Reviews for Twas the night before Christmas on the farm

Kirkus
Copyright © Kirkus Reviews, used with permission.

A visit from St. Nicholas with a trip to the barnyard, too. In their cadence, rhyme scheme, and word choices, Manning’s adapted verses borrow liberally from the original poem credited to Clement C. Moore (and sometimes to Henry Livingston). Occasional word choices can read like missteps rather than innovations, however; the original poem’s “wondering eyes” are recast as “wandering eyes,” for example. Instead of using the poem’s original first-person narrator, this version employs the omniscient third to introduce a little lamb who awakens and observes Santa Claus’ sleigh landing on the farmhouse roof. No one joins her in her observations, but readers are invited to do so as she tries to figure out what’s happening in the full-bleed, rather flat art that seems like something from an animation studio. Eventually, it’s not what the lamb sees but what she hears that moves her from befuddlement to understanding, when Santa (who appears White) laughs “Ho, ho, ho.” As she watches him place presents under the tree in the house, she hopes he’ll have gifts for her, too. He does, of course, and the illustrations show the fruits, veggies, and other animal-friendly treats he puts into their stockings before leaving the little lamb to settle in again to sleep away the rest of Christmas Eve. It’s all sweet but hardly novel. This revisitation of familiar holiday fare doesn’t stand out. (Picture book. 2-5) Copyright © Kirkus Reviews, used with permission.


Kirkus
Copyright © Kirkus Reviews, used with permission.

A visit from St. Nicholas with a trip to the barnyard, too. In their cadence, rhyme scheme, and word choices, Mannings adapted verses borrow liberally from the original poem credited to Clement C. Moore (and sometimes to Henry Livingston). Occasional word choices can read like missteps rather than innovations, however; the original poems wondering eyes are recast as wandering eyes, for example. Instead of using the poems original first-person narrator, this version employs the omniscient third to introduce a little lamb who awakens and observes Santa Claus sleigh landing on the farmhouse roof. No one joins her in her observations, but readers are invited to do so as she tries to figure out whats happening in the full-bleed, rather flat art that seems like something from an animation studio. Eventually, its not what the lamb sees but what she hears that moves her from befuddlement to understanding, when Santa (who appears White) laughs Ho, ho, ho. As she watches him place presents under the tree in the house, she hopes hell have gifts for her, too. He does, of course, and the illustrations show the fruits, veggies, and other animal-friendly treats he puts into their stockings before leaving the little lamb to settle in again to sleep away the rest of Christmas Eve. Its all sweet but hardly novel.This revisitation of familiar holiday fare doesnt stand out. (Picture book. 2-5) Copyright Kirkus Reviews, used with permission.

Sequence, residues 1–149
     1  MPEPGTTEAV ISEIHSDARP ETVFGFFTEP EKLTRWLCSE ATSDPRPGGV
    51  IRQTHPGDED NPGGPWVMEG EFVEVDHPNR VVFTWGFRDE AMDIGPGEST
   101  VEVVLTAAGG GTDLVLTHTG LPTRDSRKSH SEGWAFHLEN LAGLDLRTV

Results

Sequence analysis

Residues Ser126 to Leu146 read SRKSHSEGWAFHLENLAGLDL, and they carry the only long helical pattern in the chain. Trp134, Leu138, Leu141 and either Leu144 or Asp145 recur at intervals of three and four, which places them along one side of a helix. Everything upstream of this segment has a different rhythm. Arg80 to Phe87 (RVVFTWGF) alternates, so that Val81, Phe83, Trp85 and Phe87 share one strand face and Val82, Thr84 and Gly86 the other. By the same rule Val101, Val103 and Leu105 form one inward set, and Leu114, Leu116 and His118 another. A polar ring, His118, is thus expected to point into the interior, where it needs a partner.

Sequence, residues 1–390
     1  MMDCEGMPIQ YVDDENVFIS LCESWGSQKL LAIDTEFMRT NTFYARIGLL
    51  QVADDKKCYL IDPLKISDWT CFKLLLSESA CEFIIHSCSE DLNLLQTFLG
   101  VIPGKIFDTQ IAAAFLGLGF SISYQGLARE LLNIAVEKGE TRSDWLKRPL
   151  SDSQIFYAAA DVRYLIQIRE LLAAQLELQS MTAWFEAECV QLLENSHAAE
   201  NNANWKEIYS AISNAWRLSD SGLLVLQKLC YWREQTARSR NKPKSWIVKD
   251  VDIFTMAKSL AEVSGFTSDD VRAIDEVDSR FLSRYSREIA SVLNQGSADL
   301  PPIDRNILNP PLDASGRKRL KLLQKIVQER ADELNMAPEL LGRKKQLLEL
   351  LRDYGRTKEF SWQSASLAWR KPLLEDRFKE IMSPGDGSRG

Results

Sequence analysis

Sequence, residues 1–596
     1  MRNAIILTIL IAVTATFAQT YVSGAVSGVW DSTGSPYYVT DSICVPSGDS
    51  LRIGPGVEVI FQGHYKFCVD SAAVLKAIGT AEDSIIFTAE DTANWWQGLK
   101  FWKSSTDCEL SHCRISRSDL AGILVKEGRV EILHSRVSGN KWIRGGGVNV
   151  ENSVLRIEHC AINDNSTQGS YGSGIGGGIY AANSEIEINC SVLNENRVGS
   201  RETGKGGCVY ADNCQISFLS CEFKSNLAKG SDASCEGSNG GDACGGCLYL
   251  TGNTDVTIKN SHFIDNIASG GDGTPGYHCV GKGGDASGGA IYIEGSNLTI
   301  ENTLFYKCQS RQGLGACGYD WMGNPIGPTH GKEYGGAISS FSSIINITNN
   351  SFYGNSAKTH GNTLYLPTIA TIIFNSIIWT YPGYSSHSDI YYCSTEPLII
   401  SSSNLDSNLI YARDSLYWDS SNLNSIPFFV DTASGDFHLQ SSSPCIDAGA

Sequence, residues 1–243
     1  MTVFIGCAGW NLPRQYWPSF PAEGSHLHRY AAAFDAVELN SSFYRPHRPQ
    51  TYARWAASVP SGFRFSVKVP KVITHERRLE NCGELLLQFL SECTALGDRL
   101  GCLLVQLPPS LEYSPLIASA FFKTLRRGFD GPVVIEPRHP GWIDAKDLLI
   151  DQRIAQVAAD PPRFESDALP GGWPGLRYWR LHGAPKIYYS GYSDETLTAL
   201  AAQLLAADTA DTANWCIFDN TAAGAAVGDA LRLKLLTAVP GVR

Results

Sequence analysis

Publishers Weekly
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Manning flavors Clement C. Moore’s Christmas chestnut with barnyard imagery, recasting the poem from a curious lamb’s point of view. As Santa’s sleigh approaches, “ ‘It’s a bird!’ the lamb thought, for what else could fly?/ She’d never seen something else soar through the sky.” She remains confused, comparing the man with the round belly, tractorlike sleigh, and horned “horses” to a farmer until she hears him say “ho, ho, ho.” If the lamb’s realization feels sudden, Collina’s digital artwork—featuring sweetly snoozing animals, each with their own fittingly filled stocking—has a snow-filled, fantasy-flavored sheen that helps give this new variation a bit of the original’s timeless feel. Ages 4–7. (Sept.)

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